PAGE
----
Look simply at the information coded into the disc itself. This has value as a feat of engineering maybe, but where’s Morbid Angel’s second album gone? It only manifests if placed into the right piece of kit, a CD player connected to speakers, and given a source of power. But at that point we only have a machine, feeding information to another machine, the second of which is capable of moving air around. It requires a set of ears attached to a brain to confer value. But this brain must be capable of making sense of the regulatory of the sound waves and the patterns they form, and then interpret these into something that has value. And that’s before we even address the endlessly complex entity of the individual human mind that is experiencing this physical process. The mood, temperament, experience and knowledge of the individual will all determine how that person understands the air moving towards their ears.
The point of all this is to illustrate the complex steps that must be taken to transform this conceptual ‘potential’ value into something more tangible; namely a physical process relating to a conscious mind capable of discussing and understanding value. Suddenly the potential value is awfully distant from its realisation as actual value.
Maybe an alternative route could be taken. Maybe the artwork exists in our collective understanding of it. Paintings in a gallery still have value in the middle of the night when no one is observing them. A population in the outside world still carries their memory and meaning, just as we all carry the memory and meaning of ‘Blessed are the Sick’ in our minds. As I write this, my copy is upstairs, existing as potential value if only I apply the correct physical processes to it outlined above. But maybe the more tangible way to define its value outside of individual listening sessions is to look at my broader experiences of it. I can call to mind individual listening experiences, how they made me feel and why, I can discuss the mechanics of the art with others who have had similar experiences. And this would be possible even if every copy of the album were destroyed tomorrow.
But even this may be too temporary and fragile a basis to fully encapsulate what we mean by artistic value. We will all die. Without these objects that carry this mystical potential music (and therefore value) within them, the music and its meaning will die with us. So perhaps there is yet another route. One that points to art as objectively valuable. Many have tried to draw up schemata for what this might look like. Mathematically precise music, music that reflects the workings of the human body, the rhythm of celestial bodies, the cycles of nature.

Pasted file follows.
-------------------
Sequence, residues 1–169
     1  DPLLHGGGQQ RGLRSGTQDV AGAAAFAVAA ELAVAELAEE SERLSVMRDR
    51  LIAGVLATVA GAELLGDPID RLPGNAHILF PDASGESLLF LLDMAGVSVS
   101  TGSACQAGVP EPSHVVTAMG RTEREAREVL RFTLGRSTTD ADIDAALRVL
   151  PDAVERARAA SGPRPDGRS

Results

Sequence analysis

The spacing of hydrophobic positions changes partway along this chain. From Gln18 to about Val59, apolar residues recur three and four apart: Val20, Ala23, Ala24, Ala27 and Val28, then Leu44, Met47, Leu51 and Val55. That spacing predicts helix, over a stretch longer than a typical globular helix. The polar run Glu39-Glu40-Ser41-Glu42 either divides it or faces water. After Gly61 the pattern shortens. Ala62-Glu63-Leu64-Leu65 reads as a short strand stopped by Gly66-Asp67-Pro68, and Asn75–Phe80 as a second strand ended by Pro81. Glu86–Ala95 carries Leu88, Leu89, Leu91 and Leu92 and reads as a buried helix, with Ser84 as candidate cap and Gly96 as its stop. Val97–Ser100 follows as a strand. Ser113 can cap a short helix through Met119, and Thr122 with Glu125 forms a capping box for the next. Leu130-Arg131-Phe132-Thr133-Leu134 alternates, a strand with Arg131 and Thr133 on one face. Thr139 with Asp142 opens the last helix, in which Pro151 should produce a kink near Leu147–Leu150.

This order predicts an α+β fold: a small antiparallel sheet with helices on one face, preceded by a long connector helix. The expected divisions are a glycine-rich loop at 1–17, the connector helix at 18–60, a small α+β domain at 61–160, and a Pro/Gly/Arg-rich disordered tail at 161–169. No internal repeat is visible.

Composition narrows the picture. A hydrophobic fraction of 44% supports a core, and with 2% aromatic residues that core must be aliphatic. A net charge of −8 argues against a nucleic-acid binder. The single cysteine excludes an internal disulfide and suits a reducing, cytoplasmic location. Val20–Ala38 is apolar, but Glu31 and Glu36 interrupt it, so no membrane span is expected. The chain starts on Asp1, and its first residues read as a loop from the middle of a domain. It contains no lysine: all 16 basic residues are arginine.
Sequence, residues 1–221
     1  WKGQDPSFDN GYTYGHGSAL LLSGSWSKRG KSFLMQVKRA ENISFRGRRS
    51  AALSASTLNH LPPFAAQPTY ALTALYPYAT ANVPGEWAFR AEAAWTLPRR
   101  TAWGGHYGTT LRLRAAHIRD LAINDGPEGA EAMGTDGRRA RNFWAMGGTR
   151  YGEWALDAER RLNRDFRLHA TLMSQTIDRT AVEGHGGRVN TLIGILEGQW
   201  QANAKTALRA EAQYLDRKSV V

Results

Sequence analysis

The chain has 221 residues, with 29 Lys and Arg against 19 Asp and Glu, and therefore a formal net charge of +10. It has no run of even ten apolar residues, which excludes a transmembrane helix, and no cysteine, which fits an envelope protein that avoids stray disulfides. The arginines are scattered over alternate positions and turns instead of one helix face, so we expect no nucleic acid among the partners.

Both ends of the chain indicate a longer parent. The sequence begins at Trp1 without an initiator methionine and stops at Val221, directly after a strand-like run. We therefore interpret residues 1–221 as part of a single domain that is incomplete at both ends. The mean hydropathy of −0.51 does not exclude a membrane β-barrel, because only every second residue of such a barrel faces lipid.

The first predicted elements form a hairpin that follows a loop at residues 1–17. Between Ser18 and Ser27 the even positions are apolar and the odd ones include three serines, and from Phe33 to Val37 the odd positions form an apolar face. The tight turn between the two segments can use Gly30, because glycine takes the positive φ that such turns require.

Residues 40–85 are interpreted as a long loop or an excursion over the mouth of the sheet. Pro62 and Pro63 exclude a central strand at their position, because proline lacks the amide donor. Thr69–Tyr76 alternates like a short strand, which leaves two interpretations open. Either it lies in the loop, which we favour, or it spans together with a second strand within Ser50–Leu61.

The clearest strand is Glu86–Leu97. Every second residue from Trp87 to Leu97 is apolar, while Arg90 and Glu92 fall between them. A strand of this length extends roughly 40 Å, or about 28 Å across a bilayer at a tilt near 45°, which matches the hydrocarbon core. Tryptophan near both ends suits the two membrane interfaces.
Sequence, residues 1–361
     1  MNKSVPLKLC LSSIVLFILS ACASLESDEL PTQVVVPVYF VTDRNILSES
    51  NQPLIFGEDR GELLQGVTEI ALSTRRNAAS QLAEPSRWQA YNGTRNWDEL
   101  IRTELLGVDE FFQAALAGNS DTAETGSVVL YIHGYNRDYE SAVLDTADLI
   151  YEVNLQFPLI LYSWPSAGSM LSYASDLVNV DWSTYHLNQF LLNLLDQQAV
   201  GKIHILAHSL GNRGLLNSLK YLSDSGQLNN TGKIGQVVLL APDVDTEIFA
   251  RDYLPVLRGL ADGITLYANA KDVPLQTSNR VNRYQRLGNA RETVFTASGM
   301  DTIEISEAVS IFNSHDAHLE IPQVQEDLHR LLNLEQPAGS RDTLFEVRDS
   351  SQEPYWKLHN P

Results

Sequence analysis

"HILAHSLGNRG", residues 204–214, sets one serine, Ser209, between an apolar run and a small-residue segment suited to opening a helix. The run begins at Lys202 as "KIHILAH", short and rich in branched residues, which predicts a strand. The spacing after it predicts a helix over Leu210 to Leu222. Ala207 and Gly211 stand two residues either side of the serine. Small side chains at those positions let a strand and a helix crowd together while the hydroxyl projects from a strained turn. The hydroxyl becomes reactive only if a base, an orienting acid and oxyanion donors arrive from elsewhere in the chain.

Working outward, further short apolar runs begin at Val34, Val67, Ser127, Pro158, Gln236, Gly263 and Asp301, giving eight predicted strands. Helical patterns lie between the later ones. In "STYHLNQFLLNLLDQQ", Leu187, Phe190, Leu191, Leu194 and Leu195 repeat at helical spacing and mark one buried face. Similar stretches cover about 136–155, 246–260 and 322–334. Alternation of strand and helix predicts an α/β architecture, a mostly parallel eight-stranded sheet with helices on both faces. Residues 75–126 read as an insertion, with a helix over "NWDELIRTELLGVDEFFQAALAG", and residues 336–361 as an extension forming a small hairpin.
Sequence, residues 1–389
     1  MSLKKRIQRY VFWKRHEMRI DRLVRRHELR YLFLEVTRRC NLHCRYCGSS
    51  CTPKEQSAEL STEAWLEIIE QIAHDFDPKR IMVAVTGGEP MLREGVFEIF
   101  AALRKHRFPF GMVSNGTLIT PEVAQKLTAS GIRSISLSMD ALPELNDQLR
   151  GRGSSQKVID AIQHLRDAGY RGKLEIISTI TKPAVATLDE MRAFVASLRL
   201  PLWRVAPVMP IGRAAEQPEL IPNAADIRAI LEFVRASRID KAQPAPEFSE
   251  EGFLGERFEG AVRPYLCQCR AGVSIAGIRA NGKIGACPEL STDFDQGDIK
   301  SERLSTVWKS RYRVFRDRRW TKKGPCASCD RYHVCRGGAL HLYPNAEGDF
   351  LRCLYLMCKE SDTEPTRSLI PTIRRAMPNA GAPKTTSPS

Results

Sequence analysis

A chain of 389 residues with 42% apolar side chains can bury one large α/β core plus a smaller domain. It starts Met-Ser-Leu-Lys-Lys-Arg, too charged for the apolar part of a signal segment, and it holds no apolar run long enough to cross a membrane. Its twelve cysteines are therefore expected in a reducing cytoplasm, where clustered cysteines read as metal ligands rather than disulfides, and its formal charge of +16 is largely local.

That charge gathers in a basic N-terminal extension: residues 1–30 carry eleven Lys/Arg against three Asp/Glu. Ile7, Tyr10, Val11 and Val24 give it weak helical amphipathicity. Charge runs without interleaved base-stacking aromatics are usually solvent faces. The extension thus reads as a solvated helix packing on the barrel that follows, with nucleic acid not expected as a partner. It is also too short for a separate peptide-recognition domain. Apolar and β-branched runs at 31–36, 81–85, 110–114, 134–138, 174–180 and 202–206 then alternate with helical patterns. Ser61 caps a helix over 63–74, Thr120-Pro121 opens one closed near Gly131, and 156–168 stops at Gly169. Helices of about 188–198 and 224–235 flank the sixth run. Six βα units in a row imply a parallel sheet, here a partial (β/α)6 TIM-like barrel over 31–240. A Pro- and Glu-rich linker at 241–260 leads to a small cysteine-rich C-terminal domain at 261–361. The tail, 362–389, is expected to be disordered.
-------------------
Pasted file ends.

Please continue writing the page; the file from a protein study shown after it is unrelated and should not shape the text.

Regardless of the differing merits of the many approaches people have taken to draw up what objectively good music might look like, many view this move with scepticism. An aristocracy of rich, white, male academics laying down the rules for something as spontaneous and joyful as music is bound to generate suspicion. But this depends on what we’re aiming for. Even if music that reflects some universal truth somehow has more value than music that doesn’t, how are we defining universal truths? Are they laws of nature? Biology? Astronomy? Mathematics? Engineering?
Say we took the cycles of nature as our starting point. Have you seen the world lately? There’s an awful lot of it. And it’s all very different. Maybe these fundamentals of the reality that we humans find ourselves in are much more unstable than we thought. This could account for the myriad and diverse ways cultures have found to create music of lasting artistic value. Reality is complex. Music that reflects that reality – and therefore is objectively valuable – is as diverse and complex as our understanding of this reality.
Great. So to recap. Music has value outside of our direct interaction with it, as a source of shared ideas and experience. Further, certain mystical artefacts capable of storing music are conferred with potential value. If the right physical processes are applied to them, and a human is present to experience the results, this value is unlocked. And this process has its analogue in some facet of the physical universe, which is the source of music’s beauty.
Great, we’ve solved philosophy of art. Good job team.
But what if music’s purpose is not a reflection of reality, but one of intervention? Why does music only have value if it reflects some aspect of reality as humans experience it? Why can’t it aspire to change that reality? And if this could also be a source of value, what are the mechanics at work behind interventionist music when it is not being experienced? Is it still intervening in reality via us, the parasite’s host? Does music behave like other ideas? Spreading from host to host, changing the course of history by manipulating human behaviour?
We’ve strayed very far from our original question: where is the artwork? This is naturally because the ‘what’ of art is far from accepted, which logically must come before the ‘where’. But the real purpose of dragging this idea out is because the ‘what’ of art will largely determine the ‘where’. If you believe art has no value beyond what humans give it, then music in any form is purely an experiential value. A fleetingly temporary phenomena entirely dependent on human minds to draw it forth into reality. Maybe you’re happy with that; ‘Here is beauty’, next question.
But if you believe that musics in all their glorious diversity are somehow individual instances or reflections of the universe’s ‘hum’, then the value of music might well exist beyond what the human mind confers on it. Just as David was in the marble all along, waiting to be brought forth by Michelangelo, maybe the music was there all along, in the objective truths of mathematics, the physical nature of air, and our innate ability to interpret vibrations, waiting to be ordered and processed by us its vessels, into this thing we call music. And if it was somehow there before us, waiting to be called forth, then it stands to reason that it will be there long after we’re gone.